The scene is like a fairy tale. A beautiful young woman stands at the edge of a woods dressed in an emerald gown. She sings in a spellbinding soprano that could summon animals from the forest, break an evil curse or cast an enchantment across the land.
But this is not Cinderella in glass slippers at the ball. It’s a campus photo shoot with Elizabeth Curtin (ACCT ’15) in elegant green pumps, dodging deer droppings as gnats buzz in her face. Dressed in her witch costume from the just-finished student production of Into the Woods, she sings the haunting “Witch’s Lament” and gestures dramatically as the camera clicks. She is unwaveringly focused, gloriously confident and improbably professional.
And it’s completely clear: If magic exists here or in any of Curtin’s time at Notre Dame, it’s only a sprinkling on top of her hard work and talent and whatever else she can give.
Because Curtin is walking two very demanding paths.
One minute, she’s in a voice lesson singing scales while standing one-legged on a stack of books in a complex yoga pose, a holistic method to help with focus and breathing.
The next minute she’s agonizing over memorizing the parts of a balance sheet. During spring break, she cries over a word from a German aria that she just can’t seem to nail.
And in her Cost Accounting class, she stares at T-account paths until her eyes blur and she can’t get the words “direct materials” out of her head.
Sometimes she throws herself into cleaning frenzies as therapy. And she gets accustomed to operating on very little sleep.
But then there are the glorious moments.
Landing lead or prominent stage roles in four campus productions including Sweeney Todd, Legally Blonde and the lead female role of Cunegonde in Leonard Bernstein’s Candide for her last college performance.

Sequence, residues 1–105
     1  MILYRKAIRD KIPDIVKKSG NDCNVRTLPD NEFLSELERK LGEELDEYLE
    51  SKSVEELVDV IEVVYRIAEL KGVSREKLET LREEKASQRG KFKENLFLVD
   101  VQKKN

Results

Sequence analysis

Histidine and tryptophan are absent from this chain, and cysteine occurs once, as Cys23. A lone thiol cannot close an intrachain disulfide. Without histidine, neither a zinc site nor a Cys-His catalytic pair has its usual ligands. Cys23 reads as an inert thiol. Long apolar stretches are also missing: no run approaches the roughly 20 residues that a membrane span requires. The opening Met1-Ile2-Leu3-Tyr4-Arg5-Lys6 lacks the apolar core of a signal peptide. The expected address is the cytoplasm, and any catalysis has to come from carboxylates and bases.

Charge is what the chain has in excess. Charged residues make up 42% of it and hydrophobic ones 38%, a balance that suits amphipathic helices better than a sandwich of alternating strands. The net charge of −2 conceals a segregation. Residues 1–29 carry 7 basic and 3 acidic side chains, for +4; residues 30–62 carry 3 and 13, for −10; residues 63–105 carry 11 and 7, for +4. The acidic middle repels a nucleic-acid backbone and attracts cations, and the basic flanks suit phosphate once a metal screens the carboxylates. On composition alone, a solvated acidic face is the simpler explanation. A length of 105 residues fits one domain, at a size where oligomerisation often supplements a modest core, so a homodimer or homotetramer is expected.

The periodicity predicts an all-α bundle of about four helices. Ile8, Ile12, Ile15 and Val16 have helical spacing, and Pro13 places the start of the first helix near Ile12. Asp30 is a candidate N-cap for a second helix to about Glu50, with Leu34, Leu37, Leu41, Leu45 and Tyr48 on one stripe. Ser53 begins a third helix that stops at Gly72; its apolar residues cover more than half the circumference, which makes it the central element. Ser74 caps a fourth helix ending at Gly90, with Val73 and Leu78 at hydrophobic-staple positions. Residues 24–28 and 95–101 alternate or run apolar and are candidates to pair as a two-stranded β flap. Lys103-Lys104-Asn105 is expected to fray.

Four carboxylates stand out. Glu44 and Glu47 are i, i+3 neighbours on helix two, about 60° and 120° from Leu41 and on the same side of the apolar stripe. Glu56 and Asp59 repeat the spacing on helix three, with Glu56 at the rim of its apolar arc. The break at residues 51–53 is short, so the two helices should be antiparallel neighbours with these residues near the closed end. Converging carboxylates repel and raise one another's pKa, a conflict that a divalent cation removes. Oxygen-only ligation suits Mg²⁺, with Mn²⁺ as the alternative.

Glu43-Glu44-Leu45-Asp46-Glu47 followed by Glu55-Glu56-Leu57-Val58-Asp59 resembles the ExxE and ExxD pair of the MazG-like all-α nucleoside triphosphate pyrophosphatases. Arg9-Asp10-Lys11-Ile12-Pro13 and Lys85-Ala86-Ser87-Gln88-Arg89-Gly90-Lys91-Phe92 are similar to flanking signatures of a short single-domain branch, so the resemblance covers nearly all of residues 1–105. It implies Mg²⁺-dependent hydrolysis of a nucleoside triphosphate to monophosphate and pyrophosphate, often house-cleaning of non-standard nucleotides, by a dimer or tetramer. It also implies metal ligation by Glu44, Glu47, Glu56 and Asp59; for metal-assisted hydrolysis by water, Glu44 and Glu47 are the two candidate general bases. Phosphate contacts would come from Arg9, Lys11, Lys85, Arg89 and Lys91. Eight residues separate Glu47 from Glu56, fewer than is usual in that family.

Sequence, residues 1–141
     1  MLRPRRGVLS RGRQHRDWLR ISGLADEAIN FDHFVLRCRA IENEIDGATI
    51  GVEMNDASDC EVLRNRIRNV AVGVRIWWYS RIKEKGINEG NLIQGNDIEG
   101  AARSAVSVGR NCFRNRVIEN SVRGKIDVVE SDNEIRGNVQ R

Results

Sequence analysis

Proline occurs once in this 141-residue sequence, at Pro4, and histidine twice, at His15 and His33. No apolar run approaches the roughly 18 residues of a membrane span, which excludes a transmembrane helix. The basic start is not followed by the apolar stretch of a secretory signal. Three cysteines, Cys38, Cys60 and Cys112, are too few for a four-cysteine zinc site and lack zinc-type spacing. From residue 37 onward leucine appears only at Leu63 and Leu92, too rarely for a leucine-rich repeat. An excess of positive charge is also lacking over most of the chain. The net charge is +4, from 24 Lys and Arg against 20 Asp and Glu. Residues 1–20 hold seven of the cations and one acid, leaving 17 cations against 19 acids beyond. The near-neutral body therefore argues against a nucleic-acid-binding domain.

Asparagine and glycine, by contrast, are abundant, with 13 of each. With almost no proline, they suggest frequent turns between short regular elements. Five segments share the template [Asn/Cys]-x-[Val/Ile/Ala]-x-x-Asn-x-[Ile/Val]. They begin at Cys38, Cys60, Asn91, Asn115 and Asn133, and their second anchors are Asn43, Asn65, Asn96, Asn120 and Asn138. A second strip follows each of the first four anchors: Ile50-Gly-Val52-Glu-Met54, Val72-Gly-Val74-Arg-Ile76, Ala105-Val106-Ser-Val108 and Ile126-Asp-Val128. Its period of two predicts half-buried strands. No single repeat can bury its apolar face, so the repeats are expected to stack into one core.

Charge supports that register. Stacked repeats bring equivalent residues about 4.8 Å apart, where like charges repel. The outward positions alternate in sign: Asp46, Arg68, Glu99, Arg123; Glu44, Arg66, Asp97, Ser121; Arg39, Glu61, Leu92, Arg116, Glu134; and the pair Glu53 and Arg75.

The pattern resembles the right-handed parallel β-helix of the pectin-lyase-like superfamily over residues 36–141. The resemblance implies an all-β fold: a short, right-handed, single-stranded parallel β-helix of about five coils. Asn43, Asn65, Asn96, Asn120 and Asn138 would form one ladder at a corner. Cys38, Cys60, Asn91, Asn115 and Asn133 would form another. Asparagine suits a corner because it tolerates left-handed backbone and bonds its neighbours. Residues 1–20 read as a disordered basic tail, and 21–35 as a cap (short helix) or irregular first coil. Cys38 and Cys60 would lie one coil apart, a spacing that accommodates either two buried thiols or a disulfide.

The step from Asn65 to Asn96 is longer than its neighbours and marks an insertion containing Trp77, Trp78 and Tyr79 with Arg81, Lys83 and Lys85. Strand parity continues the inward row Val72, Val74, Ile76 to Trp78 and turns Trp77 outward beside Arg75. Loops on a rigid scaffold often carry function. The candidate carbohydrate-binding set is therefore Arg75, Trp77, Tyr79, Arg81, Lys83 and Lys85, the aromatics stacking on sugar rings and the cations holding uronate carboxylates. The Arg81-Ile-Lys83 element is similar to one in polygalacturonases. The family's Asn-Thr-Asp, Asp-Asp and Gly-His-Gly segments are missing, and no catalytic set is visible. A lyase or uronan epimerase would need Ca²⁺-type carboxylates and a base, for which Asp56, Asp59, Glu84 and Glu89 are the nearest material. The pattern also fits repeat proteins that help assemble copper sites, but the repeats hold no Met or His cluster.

Performing with the Notre Dame student rock group Band du Jour in local clubs and at the first-ever Mendoza Gala, held spring 2014 for business undergraduates.
Earning enough credits to sit for the Certified Public Accounting (CPA) examination upon graduation.
And performing brilliantly enough at a summer tax internship to be offered a job with BDO, one of the largest and most prestigious accounting firms in her hometown of Houston.
Even so, what kind of person decides to embark upon this dual path in the first place? And why?
“Music is my first love, and I was thinking about studying music only,” Curtin says. “But I decided I also wanted to understand business as well. I’ve always loved the idea of entrepreneurial endeavors, especially after working in a restaurant and thinking maybe someday I’d open my own little jazz bar or restaurant. And my dad impressed upon me that business is applicable to any life path. So where else would you study undergraduate business but Notre Dame?”
She decided to go for it, to honor both hemispheres of what she calls her “dual brain.”